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home > races/results > usa: vermont > the green mountain relay -- adventure, challenge amidst lush natural beauty in scenic vermont

The Green Mountain Relay -- Adventure, Challenge Amidst Lush Natural Beauty in Scenic Vermont
The Green Mountain Relay in Vermont in June will bring out your passion for running and adventure. And what a setting—it runs 202 miles along and through the Green Mountains with some of the most beautiful scenery in the East.

The Green Mountain Relay -- Adventure, Challenge Amidst Lush Natural Beauty in Scenic Vermont

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By Skip Cleaver
Posted Friday, 2 June, 2006

The Green Mountain Relay will run over 200 miles through the spectacular scenery of Vermont. The June trek will pack an unforgettable experience-of-a-lifetime into two days (some teams will take 35 hours!), Saturday and Sunday, June 10th and 11th. The start is in the small town of Jeffersonville (population 473) in northern Vermont, 30 miles from Burlington and the Burlington International Airport, and 19 miles from the Canadian border. The finish destination is the historic city of Bennington in the southwest corner of the Green Mountain State. Bennington is four miles from the New York border, and 10 miles from Massachusetts. (Bennington is an hour from Albany which also has an airport).

This is a relay for runners of all abilities. Twelve-person teams and six-person ultra teams will run around the clock, completing 36 relay legs or stages, each with well-designed transfer points and rest areas. Runners love distance relays, and this event will be the ultimate in team building and camaraderie. With superior, noteworthy organization, it will be ideal for competitive running clubs, groups, schools, and for innovative companies. This event is exceptionally well organized; every detail is covered, offering a valuable and memorable experience for all participants.

This will be the ideal time to run a 24-hour relay. The dates of June 10 and 11 were chosen to coincide with the full moon (Strawberry Moon, June 11), allowing scenic village and mountain views even during night hours. Moonlight playing on trees, rivers, barns, and bridges will be an experience in itself. The date is only a few days from the summer solstice, the shortest night of the year, and the longest day. There will be only 8 hours and 37 minutes between dusk and sunrise, and a full moon! It doesn’t get any better than that for night running. The weather in Vermont will likely be ideal on those dates. The average high on June 10--11 is 77 degrees, with an average low of 50 degrees, and a mean temperature of 64.

Timberline Events LLC
The Green Mountain Relay is presented by Timberline Events LLC, the same company that stages the enormously successful Wild West Relay in Colorado every August. Timberline Events LLC is a road race management company, which was created--and is now managed--by Paul Vanderheiden. Paul, a marathoner and river rafting guide. Coloradoan Lisa Javernick and Vermont resident Sue McNamara serve as Assistant Race Directors.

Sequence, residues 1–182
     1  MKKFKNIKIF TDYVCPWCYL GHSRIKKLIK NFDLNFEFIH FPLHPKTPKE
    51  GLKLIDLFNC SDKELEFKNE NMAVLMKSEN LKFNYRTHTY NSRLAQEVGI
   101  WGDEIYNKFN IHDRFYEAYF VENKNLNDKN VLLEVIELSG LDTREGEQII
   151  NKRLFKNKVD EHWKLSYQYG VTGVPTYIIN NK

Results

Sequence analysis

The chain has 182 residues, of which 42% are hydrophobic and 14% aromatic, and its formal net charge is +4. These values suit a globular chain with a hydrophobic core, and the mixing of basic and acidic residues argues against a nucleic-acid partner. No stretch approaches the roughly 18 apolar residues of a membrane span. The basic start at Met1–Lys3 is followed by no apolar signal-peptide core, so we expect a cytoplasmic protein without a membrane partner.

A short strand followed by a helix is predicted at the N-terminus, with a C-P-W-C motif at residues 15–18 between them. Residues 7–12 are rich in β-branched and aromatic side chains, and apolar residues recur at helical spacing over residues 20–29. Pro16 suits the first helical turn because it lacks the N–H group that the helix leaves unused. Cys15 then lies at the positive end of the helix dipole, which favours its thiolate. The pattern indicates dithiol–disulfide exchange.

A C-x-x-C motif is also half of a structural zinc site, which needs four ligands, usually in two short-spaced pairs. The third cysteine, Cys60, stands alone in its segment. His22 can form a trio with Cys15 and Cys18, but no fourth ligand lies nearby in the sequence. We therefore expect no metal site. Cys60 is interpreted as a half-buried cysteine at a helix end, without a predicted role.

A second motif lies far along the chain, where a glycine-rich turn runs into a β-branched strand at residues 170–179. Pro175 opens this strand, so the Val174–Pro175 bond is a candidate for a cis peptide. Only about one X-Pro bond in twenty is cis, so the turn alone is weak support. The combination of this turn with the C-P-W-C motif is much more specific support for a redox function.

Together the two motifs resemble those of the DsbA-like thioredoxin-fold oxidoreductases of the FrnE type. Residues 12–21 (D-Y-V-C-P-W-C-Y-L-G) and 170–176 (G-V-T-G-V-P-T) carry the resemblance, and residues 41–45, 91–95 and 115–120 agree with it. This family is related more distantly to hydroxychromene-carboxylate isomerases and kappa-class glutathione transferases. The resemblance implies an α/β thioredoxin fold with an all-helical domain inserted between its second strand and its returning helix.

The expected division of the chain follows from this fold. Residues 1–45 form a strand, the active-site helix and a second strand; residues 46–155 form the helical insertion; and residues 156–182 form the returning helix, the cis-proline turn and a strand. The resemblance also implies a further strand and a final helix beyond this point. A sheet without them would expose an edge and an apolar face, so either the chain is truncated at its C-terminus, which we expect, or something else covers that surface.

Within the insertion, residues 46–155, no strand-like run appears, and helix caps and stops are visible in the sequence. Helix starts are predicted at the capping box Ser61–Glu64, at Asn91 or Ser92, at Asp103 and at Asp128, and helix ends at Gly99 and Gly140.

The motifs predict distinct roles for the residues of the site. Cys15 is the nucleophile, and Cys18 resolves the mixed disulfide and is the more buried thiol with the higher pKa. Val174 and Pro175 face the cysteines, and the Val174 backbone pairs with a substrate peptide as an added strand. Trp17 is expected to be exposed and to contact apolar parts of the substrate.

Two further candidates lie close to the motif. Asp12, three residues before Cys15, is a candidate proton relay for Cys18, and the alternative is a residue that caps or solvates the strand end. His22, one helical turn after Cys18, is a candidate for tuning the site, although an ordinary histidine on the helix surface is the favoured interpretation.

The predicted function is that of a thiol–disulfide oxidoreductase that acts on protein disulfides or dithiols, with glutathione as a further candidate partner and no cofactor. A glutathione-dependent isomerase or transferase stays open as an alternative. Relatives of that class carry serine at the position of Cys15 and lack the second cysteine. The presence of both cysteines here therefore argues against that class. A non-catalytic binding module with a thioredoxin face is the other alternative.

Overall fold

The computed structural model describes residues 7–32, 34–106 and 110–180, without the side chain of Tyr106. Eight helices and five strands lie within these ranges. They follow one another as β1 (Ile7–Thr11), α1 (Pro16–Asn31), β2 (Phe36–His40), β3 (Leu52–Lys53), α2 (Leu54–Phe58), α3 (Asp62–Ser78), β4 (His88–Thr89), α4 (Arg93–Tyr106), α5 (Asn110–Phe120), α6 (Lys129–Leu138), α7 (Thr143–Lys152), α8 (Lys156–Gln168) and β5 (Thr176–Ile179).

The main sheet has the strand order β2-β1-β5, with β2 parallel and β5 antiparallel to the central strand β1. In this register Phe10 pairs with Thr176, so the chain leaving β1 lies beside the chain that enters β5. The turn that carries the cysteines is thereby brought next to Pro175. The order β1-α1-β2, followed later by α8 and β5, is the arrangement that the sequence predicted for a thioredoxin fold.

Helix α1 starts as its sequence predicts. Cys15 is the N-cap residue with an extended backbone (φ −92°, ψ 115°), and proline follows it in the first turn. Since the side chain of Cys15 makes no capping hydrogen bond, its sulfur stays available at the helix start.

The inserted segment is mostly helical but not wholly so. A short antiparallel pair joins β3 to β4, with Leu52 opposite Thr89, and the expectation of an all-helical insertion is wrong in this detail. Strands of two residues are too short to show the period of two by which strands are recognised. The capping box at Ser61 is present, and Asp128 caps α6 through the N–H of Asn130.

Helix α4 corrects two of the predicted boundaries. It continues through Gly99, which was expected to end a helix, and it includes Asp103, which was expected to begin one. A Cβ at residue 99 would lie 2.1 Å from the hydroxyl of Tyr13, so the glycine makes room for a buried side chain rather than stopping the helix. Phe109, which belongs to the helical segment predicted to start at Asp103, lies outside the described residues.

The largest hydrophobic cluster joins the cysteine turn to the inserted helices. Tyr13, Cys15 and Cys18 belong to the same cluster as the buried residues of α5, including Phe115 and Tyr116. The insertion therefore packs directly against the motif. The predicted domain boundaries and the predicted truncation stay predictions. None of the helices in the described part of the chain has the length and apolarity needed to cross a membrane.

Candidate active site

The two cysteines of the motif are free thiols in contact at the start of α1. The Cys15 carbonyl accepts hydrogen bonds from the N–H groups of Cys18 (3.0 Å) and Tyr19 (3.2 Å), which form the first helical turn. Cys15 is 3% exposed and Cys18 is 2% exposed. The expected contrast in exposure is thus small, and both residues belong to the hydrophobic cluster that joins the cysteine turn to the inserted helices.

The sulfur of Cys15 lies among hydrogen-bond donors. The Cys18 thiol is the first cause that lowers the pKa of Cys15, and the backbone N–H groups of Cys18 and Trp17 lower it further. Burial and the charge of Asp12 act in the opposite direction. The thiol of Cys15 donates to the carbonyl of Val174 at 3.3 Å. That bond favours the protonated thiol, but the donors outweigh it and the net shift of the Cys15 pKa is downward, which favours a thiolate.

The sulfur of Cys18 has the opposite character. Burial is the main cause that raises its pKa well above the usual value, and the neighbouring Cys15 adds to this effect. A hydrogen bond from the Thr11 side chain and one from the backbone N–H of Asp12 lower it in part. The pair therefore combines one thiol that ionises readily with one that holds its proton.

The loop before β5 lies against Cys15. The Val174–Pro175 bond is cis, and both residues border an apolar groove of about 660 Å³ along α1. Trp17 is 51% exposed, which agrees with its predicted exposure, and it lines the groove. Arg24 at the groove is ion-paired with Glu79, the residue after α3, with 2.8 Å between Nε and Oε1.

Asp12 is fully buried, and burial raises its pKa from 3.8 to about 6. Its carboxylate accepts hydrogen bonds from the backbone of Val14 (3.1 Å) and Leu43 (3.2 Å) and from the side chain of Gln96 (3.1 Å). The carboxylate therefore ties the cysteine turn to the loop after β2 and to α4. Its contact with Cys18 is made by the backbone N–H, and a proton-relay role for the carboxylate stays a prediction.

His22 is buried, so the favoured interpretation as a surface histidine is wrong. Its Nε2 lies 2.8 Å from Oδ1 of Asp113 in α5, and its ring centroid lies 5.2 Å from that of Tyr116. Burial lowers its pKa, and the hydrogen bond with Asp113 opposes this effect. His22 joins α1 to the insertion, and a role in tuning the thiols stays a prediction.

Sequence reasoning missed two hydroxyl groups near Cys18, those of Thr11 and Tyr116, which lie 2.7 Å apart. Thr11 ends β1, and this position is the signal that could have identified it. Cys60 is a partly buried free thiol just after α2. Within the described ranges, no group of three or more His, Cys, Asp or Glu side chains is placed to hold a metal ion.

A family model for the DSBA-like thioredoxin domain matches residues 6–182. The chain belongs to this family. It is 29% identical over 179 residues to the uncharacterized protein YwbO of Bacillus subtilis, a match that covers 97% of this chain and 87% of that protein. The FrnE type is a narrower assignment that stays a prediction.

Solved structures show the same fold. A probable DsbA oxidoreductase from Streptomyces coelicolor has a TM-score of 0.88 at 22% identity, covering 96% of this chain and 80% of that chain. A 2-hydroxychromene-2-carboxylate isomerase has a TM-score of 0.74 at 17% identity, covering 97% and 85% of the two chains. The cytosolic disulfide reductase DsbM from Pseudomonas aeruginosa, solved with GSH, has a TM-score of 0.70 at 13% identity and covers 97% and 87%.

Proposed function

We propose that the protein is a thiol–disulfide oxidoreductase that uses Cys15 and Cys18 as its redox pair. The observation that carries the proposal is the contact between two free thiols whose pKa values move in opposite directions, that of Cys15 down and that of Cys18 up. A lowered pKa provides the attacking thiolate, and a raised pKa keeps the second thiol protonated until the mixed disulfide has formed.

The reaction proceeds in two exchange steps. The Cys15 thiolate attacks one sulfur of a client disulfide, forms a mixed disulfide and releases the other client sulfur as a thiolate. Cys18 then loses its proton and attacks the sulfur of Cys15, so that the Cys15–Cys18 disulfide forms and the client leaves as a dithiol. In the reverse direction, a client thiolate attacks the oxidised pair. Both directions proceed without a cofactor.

What a Terrific Course
There is so much to see along this course we can’t possibly do it all justice in this space. But take it from me; it will be a very memorable trek. You will see historic homes and barns, verdant fields and gorgeous forests, hemlock groves and rocky ledges, covered bridges and rushing water, dams and mills, village greens, museums and art galleries, general stores, breweries, creameries, and maple sugar cabins, monuments and the ancient ridges of the Green Mountains, and more.

The Relay starts in Jeffersonville at the Cambridge Elementary School. Jeffersonville is a small village named in 1827 in honor of Thomas Jefferson. Soon after the start, runners will cross the Poland Covered Bridge. The route then heads east to Johnson, a small college town, where runners cross the second of seven covered bridges on the course—the Powerhouse Bridge. The relay then heads generally south-southwest on or parallel to the famously scenic Route 100.

On the fourth exchange, runners will enter Stowe, one of many ski resort towns along the course. Mount Mansfield, Vermont’s highest peak, will be visible a few miles to the west. South of Stowe runners will enjoy several back roads and bike paths, some dirt, and another covered bridge, the Gold Brook. Then it is on to Waterbury, the home of Ben and Jerry’s Ice Cream. In Waterbury the first of five Van Exchange Points (every six legs) allows the first runners to rest as the second group takes over.

The route has hills, and many are names familiar to skiers. But much of the course runs along rivers and streams in lush valleys and through villages.

Passing through the towns of Moreland and Waitsfield, runners will cross the Pine Brook and Village Covered Bridges. The Mad River Valley and the White River Valley are exceptionally enjoyable with the route crossing another covered bridge - the Warren Bridge. Then, for many miles, the course skirts the edge of the Green Mountain National Forest through lush emerald valleys as it heads south on Route 100.

Ski resorts such as Killington, Okemo, and Bromely Mountain are incorporated into the course. The 35 relay exchange points themselves create interest, including Bill’s Country Store, the Long Trail Brewery, Stockbridge Village, and the Mill Tavern.